I’ve long been involved with the UK’s Commodore 64 scene, but the computer’s impact outside Englishspeaking countries has been lost on me. When author Jimmy Wilhelmsson and designer Kenneth Grönwall announced they were working on a coffee-table book about the Swedish Commodore 64 scene, entitled Generation 64, I saw a chance to observe eight-bit life outside this green and pleasant land. Well, except for one small problem: the book was in Swedish.
Enter Sam Dyer. The founder of Bitmap Books, interviewed back in Issue 136, has been hard at work since launching Commodore 64: A Visual Commpendium – a pun on ‘Commodore’ rather than a typo – and his latest crowdfunded project is a translation of Jimmy and Kenneth’s book from Swedish to English. Following a near-£30,000 Kickstarter campaign, Sam worked to translate the book and republish it under the Bitmap Books imprint as a high-quality, full-colour hardback suitable for any eight-bit fan’s coffee table.
Inside the cover, which is protected by a hard black sleeve adorned with the title and company logo, the contents are largely untouched: the layout and photography is identical to the original, reproduced in full matt-finish colour, and the text has only been translated. It’s the closest you’ll get to the original book without Swedish lessons.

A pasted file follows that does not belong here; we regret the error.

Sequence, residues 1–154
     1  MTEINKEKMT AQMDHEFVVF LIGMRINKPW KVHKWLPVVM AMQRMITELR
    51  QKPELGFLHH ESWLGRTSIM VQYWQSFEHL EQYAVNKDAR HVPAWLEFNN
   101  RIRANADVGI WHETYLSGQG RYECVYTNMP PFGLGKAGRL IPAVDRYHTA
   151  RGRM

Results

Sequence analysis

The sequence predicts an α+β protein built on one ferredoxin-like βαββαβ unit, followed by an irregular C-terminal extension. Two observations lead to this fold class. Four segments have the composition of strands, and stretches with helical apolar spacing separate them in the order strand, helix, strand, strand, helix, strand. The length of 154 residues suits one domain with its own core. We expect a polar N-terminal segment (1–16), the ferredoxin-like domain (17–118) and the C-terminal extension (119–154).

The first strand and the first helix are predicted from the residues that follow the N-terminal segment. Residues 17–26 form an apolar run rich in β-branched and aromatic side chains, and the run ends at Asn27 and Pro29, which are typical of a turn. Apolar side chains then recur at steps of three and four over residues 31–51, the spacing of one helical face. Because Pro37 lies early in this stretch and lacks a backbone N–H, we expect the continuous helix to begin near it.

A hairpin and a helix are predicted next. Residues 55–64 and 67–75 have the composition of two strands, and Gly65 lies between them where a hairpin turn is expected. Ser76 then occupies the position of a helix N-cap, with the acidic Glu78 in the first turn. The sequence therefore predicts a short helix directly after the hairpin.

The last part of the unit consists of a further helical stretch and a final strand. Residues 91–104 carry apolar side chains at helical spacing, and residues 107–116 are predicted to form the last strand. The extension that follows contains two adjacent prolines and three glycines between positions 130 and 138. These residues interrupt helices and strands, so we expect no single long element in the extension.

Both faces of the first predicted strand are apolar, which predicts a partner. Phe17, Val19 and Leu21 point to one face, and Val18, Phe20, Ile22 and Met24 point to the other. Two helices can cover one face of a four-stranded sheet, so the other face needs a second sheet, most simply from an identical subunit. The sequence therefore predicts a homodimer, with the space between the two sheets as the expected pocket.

That’s good, because Jimmy can really write. There are detailed interviews with everyone from game developers and musicians to gamers and hackers. Like the ZX Spectrum and the Commodore 64 in the UK – a rivalry that will never die – many in the Swedish tech industry credit the Commodore 64 with giving them their start, and it’s fascinating to see where it’s taken them. From a choir leader to a chip architect, the book leaves little doubt about the machine’s impact on the nation’s youth at launch.
The book’s slavish adherence to the originally published format can, however, make it awkward to read at times. It’s particularly obvious in the way quotes are handled: rather than using quotation marks, which clearly delineate where the speech begins and ends, the book starts a quoted paragraph with an em-dash, then sometimes includes a comma followed by a traditional ‘as Interview Subject Name recalls’ citation, which my brain kept interpreting as a continuation of the quotation until several words into it.
It’s a minor niggle, though, in an otherwise great book. From the introduction by Chuck Peddle, who designed the MOS 6502 processor that powered many of the eight-bit micros, and the founders of Battlefield creator DICE, to shots of Swedish advertising and even an interview – on the subject of the Commodore Amiga – with Pirate Bay founder Pete Sunde, Generation 64 is packed with fascinating details of a microcomputing revolution that was mirrored in countries all around the globe.
Even if sitting down and reading the title cover-to-cover sounds a little dry (although I can assure you it isn’t), the book serves well as a coffee table decoration. The full-colour layout is eye-pleasing on every page, and with the subject matter is split into easy bitesized segments, making it a fun publication to simply flip open and read when you have a few minutes.
The English translation of Generation 64 is available from http://generation64.com for £19.99 (VAT exempt)
Readers of a certain age will recognise the name Fairlight